The Shadow is not a perfect film, but there’s so much good about it. Besides that its great cast–Jonathan Winters is the only weak link–besides that its beautifully constructed screenplay–the best constructed one I can think of… I haven’t seen this film since the theater, so I was sixteen. I don’t remember liking it. I didn’t like Alec Baldwin back then. Actually, my opinion of him has only changed with his recent work, but he’s good. I do have to dislike The Shadow a little, since its commercial and critical failure ended Penelope Ann Miller’s career….
Russell Mulcahy always gets a measure of respect from film people. Even film snobs. Well, the film snobs I used to work with, anyway. Highlander is a terrible film with bad writing and Christopher Lambert. However, Mulcahy did a great job directing (and Clancy Brown was great). If anyone deserves a $150 million movie, it’s Mulcahy, or at least the Mulcahy of the 1990s. The Shadow is a textbook example of good, engaging filmmaking. Mulcahy has a number of long-shots of Baldwin and Miller on darkened sidewalks. Sure, Steven Spielberg used to be a better director and maybe–maybe–he still is, but I can’t remember the last time Spielberg’s composition engaged my brain. Oh, wait. Yeah, no, I do. Close Encounters.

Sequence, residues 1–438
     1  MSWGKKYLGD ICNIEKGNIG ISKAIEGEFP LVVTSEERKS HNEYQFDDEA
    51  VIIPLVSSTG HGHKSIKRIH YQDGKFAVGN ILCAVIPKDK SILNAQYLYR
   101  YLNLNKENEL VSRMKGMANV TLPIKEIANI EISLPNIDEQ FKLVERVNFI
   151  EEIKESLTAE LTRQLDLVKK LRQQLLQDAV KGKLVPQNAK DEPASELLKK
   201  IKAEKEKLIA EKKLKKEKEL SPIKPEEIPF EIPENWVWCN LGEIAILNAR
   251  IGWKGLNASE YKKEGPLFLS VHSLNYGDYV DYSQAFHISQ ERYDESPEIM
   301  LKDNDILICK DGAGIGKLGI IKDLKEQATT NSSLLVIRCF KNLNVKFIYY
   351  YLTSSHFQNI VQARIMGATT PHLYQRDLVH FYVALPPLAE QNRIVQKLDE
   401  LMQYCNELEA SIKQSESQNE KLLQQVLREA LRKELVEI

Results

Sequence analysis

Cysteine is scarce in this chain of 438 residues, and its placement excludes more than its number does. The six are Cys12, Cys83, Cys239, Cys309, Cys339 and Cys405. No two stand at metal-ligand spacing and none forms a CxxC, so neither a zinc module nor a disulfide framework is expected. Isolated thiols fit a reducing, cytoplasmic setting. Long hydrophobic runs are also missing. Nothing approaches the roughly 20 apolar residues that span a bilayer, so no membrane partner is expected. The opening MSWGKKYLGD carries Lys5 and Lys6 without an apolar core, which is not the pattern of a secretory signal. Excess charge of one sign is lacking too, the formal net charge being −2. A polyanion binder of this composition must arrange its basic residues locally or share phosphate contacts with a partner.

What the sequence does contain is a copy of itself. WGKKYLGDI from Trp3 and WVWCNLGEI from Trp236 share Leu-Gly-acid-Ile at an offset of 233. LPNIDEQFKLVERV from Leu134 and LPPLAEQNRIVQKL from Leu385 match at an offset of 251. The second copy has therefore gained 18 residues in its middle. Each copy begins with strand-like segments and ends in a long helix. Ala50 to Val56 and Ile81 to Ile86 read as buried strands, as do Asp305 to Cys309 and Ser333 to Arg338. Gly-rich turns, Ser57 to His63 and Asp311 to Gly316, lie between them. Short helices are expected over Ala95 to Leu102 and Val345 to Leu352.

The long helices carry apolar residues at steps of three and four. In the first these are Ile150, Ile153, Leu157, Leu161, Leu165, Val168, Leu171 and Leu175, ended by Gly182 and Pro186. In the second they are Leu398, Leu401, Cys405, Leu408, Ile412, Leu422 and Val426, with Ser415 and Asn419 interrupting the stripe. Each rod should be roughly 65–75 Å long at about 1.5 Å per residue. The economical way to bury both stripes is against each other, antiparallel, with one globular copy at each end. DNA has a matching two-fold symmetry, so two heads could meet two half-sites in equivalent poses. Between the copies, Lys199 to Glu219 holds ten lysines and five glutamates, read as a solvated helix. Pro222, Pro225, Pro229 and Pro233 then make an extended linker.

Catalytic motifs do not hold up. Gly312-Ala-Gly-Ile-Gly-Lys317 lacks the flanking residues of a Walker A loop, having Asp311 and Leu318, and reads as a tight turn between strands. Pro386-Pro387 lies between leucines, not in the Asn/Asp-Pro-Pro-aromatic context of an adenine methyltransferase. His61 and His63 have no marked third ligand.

About halfway through The Shadow, I realized my post was going to be a lot more positive than I originally thought. The film starts with silly scene of Baldwin going native in 1920s China as a warlord and I spent awhile wishing that scene away. A half hour later, I wasn’t thinking of that scene or its failings at all. The Shadow moves. There are a lot of characters and a lot of scenes–but the most memorable scenes are still quite ones, except the finale, when Baldwin looks more like Howard Chaykin’s ultra-violent Shadow from the 1980s DC Comics revival. The memorable scenes are the ones between Miller and Baldwin–the romantic ones–and Baldwin and John Lone, who is the bad guy. The screenplay is exciting to experience. It’s why I went into Panic Room thinking it would be good. Because I loved David Koepp in the 1990s. I’m going to rewatch Carlito’s Way again, I loved this screenplay so much.
As frightening as it sounds (even to me)–The Shadow has reinvigorated my interest in film, I’m adding DVD after DVD to both Netflix and Blockbuster queues. It’s amazing storytelling….
I can’t explain it. You’ll just have to sit down and watch this film.
Directed by Russell Mulcahy; screenplay by David Koepp, based on the character created by Walter B. Gibson; director of photography, Stephen H. Burum; edited by Peter Honess and Beth Jochem Besterveld; music by Jerry Goldsmith; production designer, Joseph C. Nemec III; produced by Martin Bregman, Willi Baer and Michael S. Bregman; released by Universal Pictures.
Starring Alec Baldwin (Lamont Cranston / The Shadow), Penelope Ann Miller (Margo Lane), John Lone (Shiwan Khan), Peter Boyle (Moe), Tim Curry (Farley Claymore), Ian McKellen (Dr. Reinhardt Lane) and Jonathan Winters (Wainwright Barth).